Prada Declares 2021 Sustainability Initiative Converting All Iconic Nylon Bags To Econyl

Even iconic products like Prada’s famous nylon bags need to advance to retain their original meaning, relevance, and status. Miuccia Prada is increasingly onboard with sustainability, giving up fur a month ago and now pledging to convert the “virgin nylon’ used in her famous bags to Econyl. a regenerated-nylon yarn that can be recycled an infinite number of times. The new fabric is made from reclaimed ocean plastics, fishing nets and textile fiber waste.

To kickstart the important sustainability effort, Prada will release a belt bag, a tote, duffle, two backpacks, and a shoulder style unisex capsule collection. The project is a collab with Aquafil, an Italian company with more than half a century of expertise in creating synthetic fibers.

A portion of revenues will be donated to UNESCO’s sustainability teaching programs.

When Prada first introduced the now-iconic nylon backpack to the luxury fashion sphere in 1984, it was “really an idea”. “I was searching,” Mrs Prada told Vogue in 2018, “because I hated all the bags that were around. They were so formal, so lady, so traditional, so classic.” British Vogue reminds us of the obvious, that Miuccia Prada’s greatest insight about luxury is that it’s an idea, not a product. Therefore, the product, as well as the brand position, must evolve.

Prada Goes Fur Free In All Company Brands Starting With Spring 2020 Collections

Italian luxury Prada is joining the ranks of fur-free luxury brands, announcing that all collections starting with women’s spring/summer 2020 will not use fur. Prada previously used fur from foxes, minks and rabbits in its luxury collections.

The decision comes after working closely with the Humane Society International, Fur Free Alliance, and Italian animal rights group LAV. Prada’s subsidiary Miu Miu is on the same fur-free spring 2020 timetable. Products that have already been produced will be sold.

“The Prada Group is committed to innovation and social responsibility, and our fur-free policy – reached following a positive dialogue with the Fur Free Alliance, in particular with LAV and the Humane Society of the United States – is an extension of that engagement,” Prada head designer Miuccia Prada said in a statement, hinting that the label may launch faux fur. “Focusing on innovative materials will allow the company to explore new boundaries of creative design while meeting the demand for ethical products.”

Prada joins luxury brand Gucci, Versace, Burberry, Michael Kors, Diane von Furstenberg, DKNY, Coach and Chanel in banning fur from its collections.

Gucci Pulls $900 Balaciava Sweater Labeled Racist Blackface | Spike Lee Launches Gucci-Prada Boycott

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Gucci has apologized after social media voices said that its $900 balaclava sweater resembled blackface. The sweater has been removed from Gucci stores and online.

In a Twitter post on Wednesday, the brand said it "deeply apologizes for the offense caused by the wool balaclava jumper." It then added to the post:

"We can confirm that the item has been immediately removed from our online store and all physical stores.

"We are fully committed to increasing diversity throughout our organization and turning this incident into a powerful learning moment for the Gucci team and beyond."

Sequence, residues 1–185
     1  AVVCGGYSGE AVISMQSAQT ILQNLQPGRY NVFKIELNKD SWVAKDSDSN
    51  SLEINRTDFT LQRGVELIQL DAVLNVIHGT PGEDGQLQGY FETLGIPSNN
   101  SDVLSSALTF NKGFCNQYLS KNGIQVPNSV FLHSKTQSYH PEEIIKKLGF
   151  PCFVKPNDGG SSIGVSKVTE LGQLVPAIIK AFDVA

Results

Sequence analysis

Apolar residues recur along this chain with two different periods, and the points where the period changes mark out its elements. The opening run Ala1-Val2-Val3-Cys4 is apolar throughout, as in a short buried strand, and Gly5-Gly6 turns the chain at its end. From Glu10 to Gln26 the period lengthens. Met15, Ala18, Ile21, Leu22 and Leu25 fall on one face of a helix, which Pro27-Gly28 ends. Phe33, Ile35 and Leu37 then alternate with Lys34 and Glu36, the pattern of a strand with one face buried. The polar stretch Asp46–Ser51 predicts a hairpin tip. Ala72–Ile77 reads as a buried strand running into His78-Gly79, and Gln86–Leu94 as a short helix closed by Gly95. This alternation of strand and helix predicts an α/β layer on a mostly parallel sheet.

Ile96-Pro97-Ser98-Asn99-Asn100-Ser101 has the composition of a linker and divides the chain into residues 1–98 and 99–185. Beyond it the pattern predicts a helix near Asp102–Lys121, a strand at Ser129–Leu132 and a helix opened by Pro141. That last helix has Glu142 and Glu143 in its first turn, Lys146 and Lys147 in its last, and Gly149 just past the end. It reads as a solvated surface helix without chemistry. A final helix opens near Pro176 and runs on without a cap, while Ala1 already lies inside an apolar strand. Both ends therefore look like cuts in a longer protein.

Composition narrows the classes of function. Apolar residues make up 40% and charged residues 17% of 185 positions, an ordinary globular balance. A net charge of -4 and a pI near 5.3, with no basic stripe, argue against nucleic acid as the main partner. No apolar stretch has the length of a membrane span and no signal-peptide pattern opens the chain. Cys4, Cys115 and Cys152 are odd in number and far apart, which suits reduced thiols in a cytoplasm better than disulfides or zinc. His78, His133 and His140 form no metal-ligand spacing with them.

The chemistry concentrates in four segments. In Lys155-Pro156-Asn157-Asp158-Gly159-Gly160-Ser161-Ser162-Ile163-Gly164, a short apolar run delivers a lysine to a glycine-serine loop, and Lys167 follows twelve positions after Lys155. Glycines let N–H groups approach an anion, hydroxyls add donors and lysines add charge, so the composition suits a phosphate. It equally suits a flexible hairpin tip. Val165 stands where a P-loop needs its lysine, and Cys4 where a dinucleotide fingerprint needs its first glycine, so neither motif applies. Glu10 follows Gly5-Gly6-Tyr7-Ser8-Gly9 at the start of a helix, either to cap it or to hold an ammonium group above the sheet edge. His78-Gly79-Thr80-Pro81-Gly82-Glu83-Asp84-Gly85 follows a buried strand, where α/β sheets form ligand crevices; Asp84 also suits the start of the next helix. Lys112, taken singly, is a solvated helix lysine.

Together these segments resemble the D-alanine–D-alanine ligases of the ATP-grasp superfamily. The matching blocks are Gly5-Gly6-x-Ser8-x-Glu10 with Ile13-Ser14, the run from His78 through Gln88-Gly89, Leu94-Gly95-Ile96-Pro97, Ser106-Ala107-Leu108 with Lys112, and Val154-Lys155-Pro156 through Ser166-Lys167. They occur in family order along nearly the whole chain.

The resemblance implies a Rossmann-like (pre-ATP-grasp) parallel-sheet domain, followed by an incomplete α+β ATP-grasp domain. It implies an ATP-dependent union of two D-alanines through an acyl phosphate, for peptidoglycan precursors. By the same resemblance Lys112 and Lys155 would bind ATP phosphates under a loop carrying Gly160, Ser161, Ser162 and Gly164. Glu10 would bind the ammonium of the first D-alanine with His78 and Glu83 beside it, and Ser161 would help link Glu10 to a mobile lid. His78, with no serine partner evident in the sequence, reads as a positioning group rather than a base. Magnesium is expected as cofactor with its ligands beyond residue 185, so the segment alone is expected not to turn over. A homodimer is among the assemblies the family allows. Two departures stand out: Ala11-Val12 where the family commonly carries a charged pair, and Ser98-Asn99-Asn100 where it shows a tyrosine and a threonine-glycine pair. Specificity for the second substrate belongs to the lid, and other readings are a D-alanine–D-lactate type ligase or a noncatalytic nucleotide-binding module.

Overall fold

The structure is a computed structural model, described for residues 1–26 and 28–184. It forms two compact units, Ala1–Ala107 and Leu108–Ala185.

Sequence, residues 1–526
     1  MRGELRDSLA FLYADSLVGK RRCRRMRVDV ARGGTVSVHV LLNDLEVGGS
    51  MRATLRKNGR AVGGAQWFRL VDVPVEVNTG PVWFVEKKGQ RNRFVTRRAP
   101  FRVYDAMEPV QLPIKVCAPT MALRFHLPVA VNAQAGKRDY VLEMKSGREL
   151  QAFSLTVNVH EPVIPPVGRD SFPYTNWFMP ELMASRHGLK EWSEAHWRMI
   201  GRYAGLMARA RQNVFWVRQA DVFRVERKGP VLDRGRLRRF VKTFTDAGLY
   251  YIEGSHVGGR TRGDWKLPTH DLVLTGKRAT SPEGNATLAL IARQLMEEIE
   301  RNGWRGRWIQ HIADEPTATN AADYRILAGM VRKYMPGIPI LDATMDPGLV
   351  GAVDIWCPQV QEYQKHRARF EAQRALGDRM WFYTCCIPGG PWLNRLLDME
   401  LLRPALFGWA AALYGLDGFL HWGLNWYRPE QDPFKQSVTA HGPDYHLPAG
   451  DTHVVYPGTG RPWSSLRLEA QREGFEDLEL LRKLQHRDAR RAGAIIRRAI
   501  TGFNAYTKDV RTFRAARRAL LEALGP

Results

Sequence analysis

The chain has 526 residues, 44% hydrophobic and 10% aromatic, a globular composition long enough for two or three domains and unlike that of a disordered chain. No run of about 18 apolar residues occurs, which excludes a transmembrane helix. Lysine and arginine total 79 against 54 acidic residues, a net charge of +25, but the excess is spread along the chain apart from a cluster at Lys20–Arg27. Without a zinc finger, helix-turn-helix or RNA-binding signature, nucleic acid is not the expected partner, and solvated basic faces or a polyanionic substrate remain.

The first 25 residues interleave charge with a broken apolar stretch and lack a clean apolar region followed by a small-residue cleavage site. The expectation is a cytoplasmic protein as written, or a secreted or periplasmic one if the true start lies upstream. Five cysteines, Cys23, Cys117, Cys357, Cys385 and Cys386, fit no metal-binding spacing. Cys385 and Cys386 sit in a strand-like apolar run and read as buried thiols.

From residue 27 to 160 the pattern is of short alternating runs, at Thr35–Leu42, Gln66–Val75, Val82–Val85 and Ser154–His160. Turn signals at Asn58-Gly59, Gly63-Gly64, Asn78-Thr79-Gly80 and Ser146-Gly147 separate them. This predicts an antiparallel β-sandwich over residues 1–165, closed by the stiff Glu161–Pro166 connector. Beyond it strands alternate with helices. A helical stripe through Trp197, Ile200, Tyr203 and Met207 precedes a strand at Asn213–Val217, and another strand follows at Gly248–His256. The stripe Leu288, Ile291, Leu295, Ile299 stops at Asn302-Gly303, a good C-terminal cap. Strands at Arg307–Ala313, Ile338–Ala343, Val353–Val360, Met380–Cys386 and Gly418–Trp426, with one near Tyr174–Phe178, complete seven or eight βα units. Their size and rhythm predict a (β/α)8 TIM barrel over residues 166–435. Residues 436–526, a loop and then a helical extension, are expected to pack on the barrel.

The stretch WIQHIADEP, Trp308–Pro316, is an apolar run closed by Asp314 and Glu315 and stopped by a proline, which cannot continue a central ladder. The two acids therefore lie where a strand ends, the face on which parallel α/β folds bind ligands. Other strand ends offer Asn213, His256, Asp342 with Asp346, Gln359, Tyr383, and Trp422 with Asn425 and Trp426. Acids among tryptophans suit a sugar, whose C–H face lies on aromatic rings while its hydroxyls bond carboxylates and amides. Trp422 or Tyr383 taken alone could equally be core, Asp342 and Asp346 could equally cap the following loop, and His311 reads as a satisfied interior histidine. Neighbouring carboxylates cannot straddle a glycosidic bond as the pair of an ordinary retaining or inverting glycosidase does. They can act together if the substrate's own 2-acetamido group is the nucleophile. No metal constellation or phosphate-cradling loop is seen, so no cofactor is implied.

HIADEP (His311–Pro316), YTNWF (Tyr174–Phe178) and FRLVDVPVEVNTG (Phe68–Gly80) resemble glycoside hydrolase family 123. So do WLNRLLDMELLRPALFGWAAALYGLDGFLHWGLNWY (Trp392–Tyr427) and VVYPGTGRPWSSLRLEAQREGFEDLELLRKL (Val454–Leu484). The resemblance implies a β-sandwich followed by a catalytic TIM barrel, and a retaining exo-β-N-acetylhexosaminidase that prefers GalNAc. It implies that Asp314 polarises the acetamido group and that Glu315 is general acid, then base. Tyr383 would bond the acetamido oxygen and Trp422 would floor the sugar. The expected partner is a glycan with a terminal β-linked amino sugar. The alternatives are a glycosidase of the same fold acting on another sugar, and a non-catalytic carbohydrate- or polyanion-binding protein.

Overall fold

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Blackface — the act of non-black people wearing makeup to try to look black — is front and center in American politics, with the VA Democratic governor Ralph Northam and Attorney General Mark Herring both admitting to having dressed up to impersonate a black person. Blackface has a racist history in the United States. It was used in minstrel shows, movies, and other forms of entertainment that sought to dehumanize African-Americans and exclude them from the entertainment industry. In an extension of the blackface issue, I learned today that US Secretary of Energy and former Governor of Texas Rick Perry’s family ranch is named Niggerhead.

In the 19th century, actors caricatured black slaves, wearing burnt cork or shoe polish on their faces to make themselves look "black." The performances "characterized blacks as lazy, ignorant, superstitious, hyper-sexual, and prone to thievery and cowardice," according to the National Museum of African-American History & Culture.

Our liberal American nerves are just fried over this racist nonsense in America. Social media posts arguing that there was no need to put red lips on the Gucci sweater — unless the intention was to create a blackface fashion statement — if one desired — resonate. AOC has a history of pushing back on what we feel is an absurd level of political correctness in our culture and fashion world. But sweaters like the Gucci one or Prada’s red lips, monkey trinket debacle from the Christmas holidays go too far.

If the minute I look at the item — as a very grownup New York white woman from Minnesota — I see blackface, trust me, the item is blackface and is put together by a design team that is culturally unaware. Gucci finances Dapper Dan, in all fairness, and is actively involved in promoting black artists. Prada’s racial history is definitely not great, but the brand has been committed to doing better in using black models both on the runway and in Prada ads.

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Meanwhile, Director Spike Lee, nominated for an Oscar for his movie ‘BlacKkKlansman announced on Twitter today that he is boycotting both Prada and Gucci. Spike Lee shares a candid interview with Politico: ‘I Don’t Have the Answer’ : Spike Lee on Race in Trump’s America.

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